3. More data, less usage:  Andrew also quoted an IBM-released CMO survey, saying that only 30 pct of CMOs use data to make decision, down 17 points from prior years.  If fact, 70 percent say they are unprepared to utilize data, so there is a lot of opportunity for the education in this area.  I wonder if there is in some sense a fear of using data or just not enough knowledge, or both.
  4. Data quality: +Casey Carey  from Adometry reiterated the need for quality data in the organization, which is the focus of some of my recently-published academic research.  You can find this information summarized on my slideshare presentation from the last eMetrics forum.
  5. Focus on outcomes:  I also enjoyed Casey's approach, "Begin with the End in Mind."  We focus on outcomes in education and it was interesting to hear this approach for marketing.  It is the second time I have heard this approach in a week and it really makes sense.  Focusing on the customer experience helps us understand which data to collect and then analyzing that data helps us understand how best to meet customer needs.  Are we focused on attraction, acquisition or retention?  The strategic outcome should determine our tactical approach.
  6. Shortened buying cycle:  Shelby Saville and Kristin Haarlow from Spark Communications highlighted the 'ping pong effect in customer decision making and that the buying cycle is radically condensed.  In the auto industry, the purchase cycle is down to 28 days.  This condensed cycle puts more pressure than ever on marketers to deliver.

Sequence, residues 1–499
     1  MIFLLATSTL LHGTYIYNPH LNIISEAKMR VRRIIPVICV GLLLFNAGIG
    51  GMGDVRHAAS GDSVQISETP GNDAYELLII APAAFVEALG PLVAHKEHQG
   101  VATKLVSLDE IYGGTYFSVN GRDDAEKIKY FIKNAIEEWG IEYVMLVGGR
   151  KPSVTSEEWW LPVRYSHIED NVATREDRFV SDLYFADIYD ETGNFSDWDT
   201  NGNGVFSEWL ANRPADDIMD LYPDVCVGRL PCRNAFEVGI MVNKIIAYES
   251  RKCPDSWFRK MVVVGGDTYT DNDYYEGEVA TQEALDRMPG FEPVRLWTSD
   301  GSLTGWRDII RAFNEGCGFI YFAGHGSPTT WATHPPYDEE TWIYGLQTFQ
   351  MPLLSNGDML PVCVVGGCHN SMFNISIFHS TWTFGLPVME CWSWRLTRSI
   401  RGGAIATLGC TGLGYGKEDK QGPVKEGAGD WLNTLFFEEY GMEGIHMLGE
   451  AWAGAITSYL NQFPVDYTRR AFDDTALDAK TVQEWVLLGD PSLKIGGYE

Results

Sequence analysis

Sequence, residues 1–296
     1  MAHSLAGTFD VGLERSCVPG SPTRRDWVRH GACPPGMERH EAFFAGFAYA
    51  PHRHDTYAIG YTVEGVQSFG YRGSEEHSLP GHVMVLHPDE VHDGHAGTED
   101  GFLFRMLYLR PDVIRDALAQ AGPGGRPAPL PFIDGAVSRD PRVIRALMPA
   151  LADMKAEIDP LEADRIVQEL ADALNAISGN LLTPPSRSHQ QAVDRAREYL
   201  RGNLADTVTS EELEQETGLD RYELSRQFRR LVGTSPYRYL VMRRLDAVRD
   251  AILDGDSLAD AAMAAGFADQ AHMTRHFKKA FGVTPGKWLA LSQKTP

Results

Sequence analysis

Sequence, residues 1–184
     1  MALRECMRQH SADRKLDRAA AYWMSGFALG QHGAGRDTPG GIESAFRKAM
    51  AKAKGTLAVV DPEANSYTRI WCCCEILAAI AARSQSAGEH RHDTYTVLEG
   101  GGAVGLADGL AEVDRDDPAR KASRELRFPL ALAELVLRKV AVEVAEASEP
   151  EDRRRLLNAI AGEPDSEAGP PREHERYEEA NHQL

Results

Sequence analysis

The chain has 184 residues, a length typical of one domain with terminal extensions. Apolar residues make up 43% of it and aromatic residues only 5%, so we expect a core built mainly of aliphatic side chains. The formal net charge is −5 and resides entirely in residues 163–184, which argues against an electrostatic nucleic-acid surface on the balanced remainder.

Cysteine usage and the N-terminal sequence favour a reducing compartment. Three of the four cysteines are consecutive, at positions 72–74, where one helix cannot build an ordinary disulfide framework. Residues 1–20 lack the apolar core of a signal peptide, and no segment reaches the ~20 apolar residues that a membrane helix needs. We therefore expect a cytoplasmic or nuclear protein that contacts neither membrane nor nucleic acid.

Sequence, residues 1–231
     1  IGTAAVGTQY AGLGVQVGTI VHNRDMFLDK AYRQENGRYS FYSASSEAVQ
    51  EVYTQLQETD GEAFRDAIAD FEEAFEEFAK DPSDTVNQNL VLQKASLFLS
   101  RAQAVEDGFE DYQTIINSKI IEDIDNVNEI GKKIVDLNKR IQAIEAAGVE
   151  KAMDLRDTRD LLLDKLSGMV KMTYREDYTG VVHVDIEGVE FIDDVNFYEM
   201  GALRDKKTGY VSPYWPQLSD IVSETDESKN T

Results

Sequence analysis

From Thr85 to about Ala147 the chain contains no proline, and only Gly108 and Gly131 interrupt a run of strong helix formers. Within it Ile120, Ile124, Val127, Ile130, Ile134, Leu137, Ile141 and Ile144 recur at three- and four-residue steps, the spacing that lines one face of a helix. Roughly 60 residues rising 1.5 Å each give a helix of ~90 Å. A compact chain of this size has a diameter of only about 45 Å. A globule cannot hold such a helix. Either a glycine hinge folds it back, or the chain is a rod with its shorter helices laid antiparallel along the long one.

7. The basics are constant:  As +tony bombacino noted, it is still, "Right customer, Right message, Right time."  That simple phrase should be the goal of any analytics program.

Please look into joining the DAA if you want more of this type of information and a great  group of colleagues. Kudos to +Amit Kadam, +Kristin Schwallie+Jared Vestal, Don Drews and others for your work on this great event.  Hope to see you all at the next one!

By Debra Zahay-Blatz.
You can find Debra on  and Twitter as well as LinkedIn.

Monday, September 9, 2013

Link(edIn)ing Search and Social

Social Media Platforms Rank High in Search Engines

September 10th I am giving a talk at +Aurora University on how to create an effective LinkedIn Profile.  I am planning on talking about the importance of picking good search keywords so you can be found on LinkedIn.  If you want to work in social media marketing, put those keywords in your job descriptions, Profile Title and Summary sections. I gave this advice to a student last semester and within two days she started seeing relevant job recommendations targeted to her interests from LinkedIn.

Another aspect of a good LinkedIn profile is having a large number of connections.  Most experts suggest at least 500 connections as 'social proof' that you are influential in your field.  I have over 2500 connections, am listed in the top 1% of LinkedIn Profiles and my profile shows up in search results regularly.  As a result, my LinkedIn Profile comes up first when people search for me online.  If you are seeking to build a professional presence, you want this result also.